Beyond the Wire PC Preview

Beyond the Wire has too many barriers leading to an empty world.

By Fragnarok, Posted 01 Aug 2022

Beyond the Wire is an early access online-only multiplayer shooter developed by Redstone Interactive and published by Offworld Industries. Players fight in massive 50 vs. 50 player set piece battles from World War I. This includes historic armies like the French Army, Imperial German Army, Canadian Expeditionary Forces, and more. Fights take place across western Europe, mostly between Germany and Belgium. Will the war play out just like real life, or will it all play out differently?

Beyond the Wire, PC, Preview, Map, Gameplay, Screenshots, NoobFeed

Players do not freely pick a combat class. Instead, they will first join a “section” that oversees part of the map or specific objective. This may include commanders that stay closer to the base, an infantry unit to lead the charge, or mid-fielders who strategically move around as needed. Each section then has a limited number of classes, typically allowing 5 to 10 members.

The first player in a section will be assigned as Officer, a low damage pistol wielding role who can mark objectives with their binoculars. Another potential is to have Assault units who engage at close range with shotguns, as well as Riflemen that can snipe from the back lines. Each section will also have at least one Medic to help heal wounded allies. The sections then become further specialized with roles like fast-moving Scouts, repair Engineers, or Ammo Carriers for heavy weapons. If every possible section fills up, the remaining players will be a Recruit, a basic but well-rounded grunt.

Beyond the Wire, PC, Preview, Map, Gameplay, Screenshots, NoobFeed

The map objective of the default Frontline maps is area control, broken up into either three or five zones. A team wins if they can either capture the opponent’s base or control more zones when the time expires. The middle section begins contested, while each side will have an additional occupied buffer zone on larger maps.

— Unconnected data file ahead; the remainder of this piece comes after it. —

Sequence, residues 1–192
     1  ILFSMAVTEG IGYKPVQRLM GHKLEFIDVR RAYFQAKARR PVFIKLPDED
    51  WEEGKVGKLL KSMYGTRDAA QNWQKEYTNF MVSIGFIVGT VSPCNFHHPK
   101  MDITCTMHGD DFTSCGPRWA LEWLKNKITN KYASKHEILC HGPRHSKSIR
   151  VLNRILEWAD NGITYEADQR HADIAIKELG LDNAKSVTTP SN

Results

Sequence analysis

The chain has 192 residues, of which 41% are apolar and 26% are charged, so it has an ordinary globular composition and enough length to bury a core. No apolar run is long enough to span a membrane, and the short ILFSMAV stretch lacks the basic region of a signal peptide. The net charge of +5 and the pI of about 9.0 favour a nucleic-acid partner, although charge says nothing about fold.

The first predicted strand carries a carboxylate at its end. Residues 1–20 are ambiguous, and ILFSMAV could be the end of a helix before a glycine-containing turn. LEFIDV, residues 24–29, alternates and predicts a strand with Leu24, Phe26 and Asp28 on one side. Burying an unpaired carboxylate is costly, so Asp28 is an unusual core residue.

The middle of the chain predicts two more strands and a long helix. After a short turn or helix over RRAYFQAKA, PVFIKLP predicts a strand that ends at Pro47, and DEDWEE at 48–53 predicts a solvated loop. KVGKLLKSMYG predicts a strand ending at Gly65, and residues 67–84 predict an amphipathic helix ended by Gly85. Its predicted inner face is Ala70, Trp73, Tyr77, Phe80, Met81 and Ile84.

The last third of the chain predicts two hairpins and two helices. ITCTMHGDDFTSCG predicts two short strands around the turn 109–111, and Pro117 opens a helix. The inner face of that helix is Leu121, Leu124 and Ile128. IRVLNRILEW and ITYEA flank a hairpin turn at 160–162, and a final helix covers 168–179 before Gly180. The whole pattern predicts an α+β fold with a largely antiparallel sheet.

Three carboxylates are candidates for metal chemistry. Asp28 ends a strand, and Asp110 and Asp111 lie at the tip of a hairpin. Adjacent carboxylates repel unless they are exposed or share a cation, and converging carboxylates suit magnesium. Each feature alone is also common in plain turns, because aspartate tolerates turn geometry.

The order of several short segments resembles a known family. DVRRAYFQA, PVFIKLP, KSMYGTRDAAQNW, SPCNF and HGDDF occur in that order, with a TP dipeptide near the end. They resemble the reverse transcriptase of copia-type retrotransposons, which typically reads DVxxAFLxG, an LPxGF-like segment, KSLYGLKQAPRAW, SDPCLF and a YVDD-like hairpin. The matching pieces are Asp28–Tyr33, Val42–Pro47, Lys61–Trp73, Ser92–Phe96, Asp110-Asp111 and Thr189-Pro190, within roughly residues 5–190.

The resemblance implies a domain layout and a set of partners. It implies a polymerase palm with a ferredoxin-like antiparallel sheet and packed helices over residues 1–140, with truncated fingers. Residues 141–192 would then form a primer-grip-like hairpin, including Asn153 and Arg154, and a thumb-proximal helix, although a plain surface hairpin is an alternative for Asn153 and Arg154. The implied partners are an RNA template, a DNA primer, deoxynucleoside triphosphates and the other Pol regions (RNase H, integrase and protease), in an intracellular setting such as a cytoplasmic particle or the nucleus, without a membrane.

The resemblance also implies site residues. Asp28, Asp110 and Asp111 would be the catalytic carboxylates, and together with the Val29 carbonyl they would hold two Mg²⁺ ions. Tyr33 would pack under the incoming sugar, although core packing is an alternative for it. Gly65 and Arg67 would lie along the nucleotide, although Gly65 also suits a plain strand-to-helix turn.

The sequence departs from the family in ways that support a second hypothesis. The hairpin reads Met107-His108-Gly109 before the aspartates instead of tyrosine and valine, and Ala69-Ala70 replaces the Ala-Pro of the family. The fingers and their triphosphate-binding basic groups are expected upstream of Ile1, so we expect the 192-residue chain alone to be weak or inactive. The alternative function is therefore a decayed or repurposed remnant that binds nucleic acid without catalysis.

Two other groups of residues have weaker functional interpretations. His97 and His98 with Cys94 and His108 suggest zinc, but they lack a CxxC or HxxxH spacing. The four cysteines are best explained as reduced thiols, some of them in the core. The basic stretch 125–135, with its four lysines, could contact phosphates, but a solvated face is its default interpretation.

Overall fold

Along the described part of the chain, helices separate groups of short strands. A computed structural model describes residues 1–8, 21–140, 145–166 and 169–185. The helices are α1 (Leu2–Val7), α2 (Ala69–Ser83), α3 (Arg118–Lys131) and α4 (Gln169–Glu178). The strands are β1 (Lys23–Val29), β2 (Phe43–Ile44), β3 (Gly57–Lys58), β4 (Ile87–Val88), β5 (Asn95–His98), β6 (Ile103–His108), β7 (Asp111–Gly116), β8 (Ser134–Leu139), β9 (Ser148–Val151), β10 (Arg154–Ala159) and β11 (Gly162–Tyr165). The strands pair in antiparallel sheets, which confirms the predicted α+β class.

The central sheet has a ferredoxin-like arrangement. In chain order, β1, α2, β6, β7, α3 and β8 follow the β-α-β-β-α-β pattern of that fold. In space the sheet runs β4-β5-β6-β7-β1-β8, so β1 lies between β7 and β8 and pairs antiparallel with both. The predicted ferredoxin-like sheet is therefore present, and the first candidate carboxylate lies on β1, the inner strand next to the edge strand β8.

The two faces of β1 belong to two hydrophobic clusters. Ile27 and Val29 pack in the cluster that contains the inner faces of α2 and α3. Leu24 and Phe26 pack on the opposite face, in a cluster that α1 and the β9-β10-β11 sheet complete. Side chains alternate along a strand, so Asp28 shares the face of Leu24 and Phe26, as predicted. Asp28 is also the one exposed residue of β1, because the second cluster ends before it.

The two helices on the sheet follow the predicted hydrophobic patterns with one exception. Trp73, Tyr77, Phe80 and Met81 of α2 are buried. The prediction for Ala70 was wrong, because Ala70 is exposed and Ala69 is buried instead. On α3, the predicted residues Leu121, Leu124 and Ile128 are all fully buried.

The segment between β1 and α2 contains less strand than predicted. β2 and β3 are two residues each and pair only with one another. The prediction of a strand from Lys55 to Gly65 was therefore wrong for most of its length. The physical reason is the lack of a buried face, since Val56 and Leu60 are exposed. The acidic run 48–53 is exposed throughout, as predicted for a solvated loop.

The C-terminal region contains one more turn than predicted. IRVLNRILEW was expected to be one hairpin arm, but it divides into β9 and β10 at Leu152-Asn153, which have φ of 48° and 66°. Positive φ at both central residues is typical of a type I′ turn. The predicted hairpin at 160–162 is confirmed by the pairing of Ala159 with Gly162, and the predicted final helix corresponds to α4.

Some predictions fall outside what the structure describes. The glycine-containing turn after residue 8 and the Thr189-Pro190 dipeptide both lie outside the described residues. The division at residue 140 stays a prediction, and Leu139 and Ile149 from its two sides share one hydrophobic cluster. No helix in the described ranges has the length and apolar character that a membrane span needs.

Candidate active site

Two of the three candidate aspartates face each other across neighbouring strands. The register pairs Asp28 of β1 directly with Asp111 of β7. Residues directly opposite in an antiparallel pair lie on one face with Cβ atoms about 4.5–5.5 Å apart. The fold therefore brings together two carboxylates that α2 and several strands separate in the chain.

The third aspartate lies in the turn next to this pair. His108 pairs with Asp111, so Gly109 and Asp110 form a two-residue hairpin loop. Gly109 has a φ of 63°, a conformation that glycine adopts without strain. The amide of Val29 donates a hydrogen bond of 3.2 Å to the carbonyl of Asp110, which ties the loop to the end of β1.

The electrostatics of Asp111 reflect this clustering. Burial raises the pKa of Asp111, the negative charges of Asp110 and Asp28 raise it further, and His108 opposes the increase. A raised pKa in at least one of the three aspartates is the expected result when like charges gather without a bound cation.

When in a contested zone, teams will need to capture three flags to earn points - the more flags, the faster their meter will build up. At exactly 1000 points, that team will claim the area, and the battle will move to the adjacent zone. Advancing into enemy territory (or retreating beyond one’s base) will begin a desertion timer followed by death after 2-5 seconds.

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The second objective type currently in Beyond the Wire is Assault mode. It works similar to above, but instead of being on equal footing, one side will be attackers controlling a single zone while the other will be defenders with four zones. The defense team cannot entirely eliminate the attackers and must stall them until timeout. The offense side must instead push all the way to the end and can only win by storming the other team’s base. Even if the attackers control four zones, they will still lose if they cannot nab the fifth and final.

Map timers are incredibly long, with larger maps given one hour and smaller maps 30 minutes to complete. This is coupled with how slowly flags collect points and how far characters may need to travel to reach objectives. This means the vast majority of games will end via timeout rather than decisive victory. Often this feels like no real team is making progress, simply slowly grinding towards a stalemate. While this does simulate the dredge of World War I, it is not always fun to play as a game.